The Magic Circle
As I said earlier, the magician does not invoke anything during an evocation, not even deity. But here Bardon describes the magical circle in terms that sound similar to the invocation of deity that opens many popular ceremonial rituals.
Indeed, the magic circle is meant to be a representation of the magician's individual understanding of deity and of the universe, but this is not employed as an invocation of same. Instead, and here's where the training of IIH is important, the magic circle acts only as a key for the magician's own rise of consciousness. In short, the magician, instead of invoking deity, must raise their consciousness till it merges with deity. This is what is meant by the magician acting as deity while within the magic circle. This is not invoked from outside; rather, it is built up from within.
As Bardon points out, there are as many ways to draw a magical circle as there are magicians. The books and schools that tell the student exactly how the circle is to be constructed are useless to the Hermetic magician. The magician's circle must exactly match the magician's own understanding of the universe or deity. Thus, as the magician's understanding matures, so will their circle change.
A mundane circle, like you would draw on paper, has no intrinsic value. A Magical circle, on the other hand, does have intrinsic power. It has the specific power of affording protection or shielding for the magician who stands at its center. Essentially, it acts as a barrier to any unwelcome external force. I can think of no circumstance where the magician might want to invite another entity into their magic circle other than the fellow humans they may be working with during a specific ritual. In other words, a magic circle allows no entry once it has been cast.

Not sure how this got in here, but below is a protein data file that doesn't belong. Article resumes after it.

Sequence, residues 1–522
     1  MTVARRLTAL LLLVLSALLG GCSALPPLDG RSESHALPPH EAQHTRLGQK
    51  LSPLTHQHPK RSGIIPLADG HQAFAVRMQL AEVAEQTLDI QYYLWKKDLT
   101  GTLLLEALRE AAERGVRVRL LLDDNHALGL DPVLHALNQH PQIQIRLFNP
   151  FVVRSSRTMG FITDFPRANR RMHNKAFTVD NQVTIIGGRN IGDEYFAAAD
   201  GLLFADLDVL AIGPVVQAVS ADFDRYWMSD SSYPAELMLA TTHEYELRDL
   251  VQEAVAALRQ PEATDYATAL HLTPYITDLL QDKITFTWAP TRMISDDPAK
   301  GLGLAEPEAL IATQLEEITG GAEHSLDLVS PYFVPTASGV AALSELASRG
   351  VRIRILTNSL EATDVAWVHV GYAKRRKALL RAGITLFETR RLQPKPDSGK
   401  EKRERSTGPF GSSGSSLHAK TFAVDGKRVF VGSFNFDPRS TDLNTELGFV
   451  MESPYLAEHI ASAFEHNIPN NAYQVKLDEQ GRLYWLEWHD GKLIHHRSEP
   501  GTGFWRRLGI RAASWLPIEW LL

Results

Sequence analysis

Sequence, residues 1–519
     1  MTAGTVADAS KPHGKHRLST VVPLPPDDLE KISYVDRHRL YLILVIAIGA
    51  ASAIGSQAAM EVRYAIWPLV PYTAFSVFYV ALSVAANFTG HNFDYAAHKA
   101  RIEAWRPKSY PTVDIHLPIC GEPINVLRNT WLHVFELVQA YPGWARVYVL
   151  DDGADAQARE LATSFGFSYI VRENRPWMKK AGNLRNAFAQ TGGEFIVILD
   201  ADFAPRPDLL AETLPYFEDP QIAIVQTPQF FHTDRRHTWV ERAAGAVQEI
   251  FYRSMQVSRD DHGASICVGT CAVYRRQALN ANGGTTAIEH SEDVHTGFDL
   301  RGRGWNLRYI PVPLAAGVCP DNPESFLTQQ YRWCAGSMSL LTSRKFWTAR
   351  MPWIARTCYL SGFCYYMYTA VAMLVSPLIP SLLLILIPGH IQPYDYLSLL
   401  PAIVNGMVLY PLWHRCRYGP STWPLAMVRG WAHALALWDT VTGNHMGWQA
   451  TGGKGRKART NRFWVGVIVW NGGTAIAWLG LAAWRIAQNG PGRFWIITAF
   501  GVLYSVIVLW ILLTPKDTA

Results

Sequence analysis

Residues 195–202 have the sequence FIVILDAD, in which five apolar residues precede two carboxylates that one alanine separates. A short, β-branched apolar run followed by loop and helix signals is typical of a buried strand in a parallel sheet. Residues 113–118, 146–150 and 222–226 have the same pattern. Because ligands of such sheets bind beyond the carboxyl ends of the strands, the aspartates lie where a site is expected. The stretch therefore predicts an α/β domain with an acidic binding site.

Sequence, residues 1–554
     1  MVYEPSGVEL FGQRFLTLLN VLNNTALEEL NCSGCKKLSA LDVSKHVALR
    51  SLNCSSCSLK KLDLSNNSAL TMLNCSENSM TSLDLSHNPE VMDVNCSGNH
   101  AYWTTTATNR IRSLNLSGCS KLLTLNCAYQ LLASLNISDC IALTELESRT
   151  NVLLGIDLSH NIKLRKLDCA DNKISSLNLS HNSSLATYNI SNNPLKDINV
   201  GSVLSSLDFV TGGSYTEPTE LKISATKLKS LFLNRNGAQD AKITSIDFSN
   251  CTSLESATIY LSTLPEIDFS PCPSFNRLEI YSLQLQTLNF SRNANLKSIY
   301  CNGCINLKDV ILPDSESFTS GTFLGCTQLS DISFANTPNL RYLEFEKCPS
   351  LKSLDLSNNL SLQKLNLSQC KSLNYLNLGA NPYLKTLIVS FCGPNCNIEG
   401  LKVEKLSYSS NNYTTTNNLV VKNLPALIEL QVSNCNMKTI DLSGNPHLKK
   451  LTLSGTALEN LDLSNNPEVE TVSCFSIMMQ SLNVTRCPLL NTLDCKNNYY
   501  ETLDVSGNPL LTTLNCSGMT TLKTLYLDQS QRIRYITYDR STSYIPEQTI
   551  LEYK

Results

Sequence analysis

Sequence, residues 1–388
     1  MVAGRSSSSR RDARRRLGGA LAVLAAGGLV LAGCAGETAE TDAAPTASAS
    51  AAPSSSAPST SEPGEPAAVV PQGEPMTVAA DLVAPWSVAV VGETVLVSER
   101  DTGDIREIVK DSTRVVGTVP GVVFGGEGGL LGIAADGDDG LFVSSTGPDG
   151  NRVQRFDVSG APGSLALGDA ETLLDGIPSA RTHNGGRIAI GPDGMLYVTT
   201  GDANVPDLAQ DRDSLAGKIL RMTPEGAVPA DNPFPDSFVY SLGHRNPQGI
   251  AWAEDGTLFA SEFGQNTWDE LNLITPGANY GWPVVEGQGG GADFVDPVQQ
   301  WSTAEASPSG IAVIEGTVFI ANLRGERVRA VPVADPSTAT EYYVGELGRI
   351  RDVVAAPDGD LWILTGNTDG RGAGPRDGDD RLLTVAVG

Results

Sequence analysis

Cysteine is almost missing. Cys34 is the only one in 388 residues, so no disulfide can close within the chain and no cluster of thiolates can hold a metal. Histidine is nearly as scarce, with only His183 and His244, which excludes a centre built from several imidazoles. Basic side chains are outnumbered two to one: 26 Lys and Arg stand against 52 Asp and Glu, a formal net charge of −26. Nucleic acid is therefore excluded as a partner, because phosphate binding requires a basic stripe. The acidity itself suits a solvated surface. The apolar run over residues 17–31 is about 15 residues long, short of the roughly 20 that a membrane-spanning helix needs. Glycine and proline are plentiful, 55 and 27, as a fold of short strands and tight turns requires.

This does not however, limit the magician. Effectively, the magician can travel within their magic circle to any realm whatsoever.
Bardon suggests constructing a physical circle, but while this may be wise for the beginner, it is not strictly necessary. A magic circle can just as readily be constructed entirely within the mind of the magician, but such a circle is less reliable for evocation.
A magic circle is, more properly speaking, a sphere. This shape is a perfect physical representation of infinity and thus deity. The magic circle is a multidimensional sort of thing and the physical circle is merely where the magical sphere intersects the present moment of space-time.
"Casting" a magic circle denotes two operations. First is the mental operation wherein the magician raises their consciousness to the level of deity. This is accomplished during the drawing of the components of the circle, such as a physical circle, appropriate names, canticles, and figures, etc. The second operation is the actual projection of a sphere of energy that intersects the physical outline of the circle. This is not, strictly speaking, a mental operation as it involves the actual projection of a specific (astra-mental) energy.
Bardon mentions this energy with a single, very interesting sentence: "The binding force of the circle is generally known in magnetic magic." In the neo-Wiccan tradition with which I am familiar, the energy used for casting a circle is described as the "blue fire". With eyes that can see such things, it is the same energy one sees surrounding the full moon at midnight.
There are, of course, many methods for creating a magic circle. If one is fortunate enough to have a spare room that can be devoted to a temple space then it is possible to create a permanent circle, so to speak.
The essence of a magic circle is not the physical trappings. Its essence is the consciousness of the magician. Thus it is possible to create a magic circle without any paraphernalia at all. But this takes long practice to master. The magician's circle casting will evolve with practice and may eventually become a very simple operation.
When a properly trained magician casts a true magic circle, then the magician has indeed become at one with deity and therefore stands at the exact center of the universe. Without this ability, a circle casting is not magical.
The magic circle is the primary and most important tool of the ceremonial magician. Second, especially for the practitioner of evocation, is the magic triangle. All other tools it is possible for a trained magician to do without.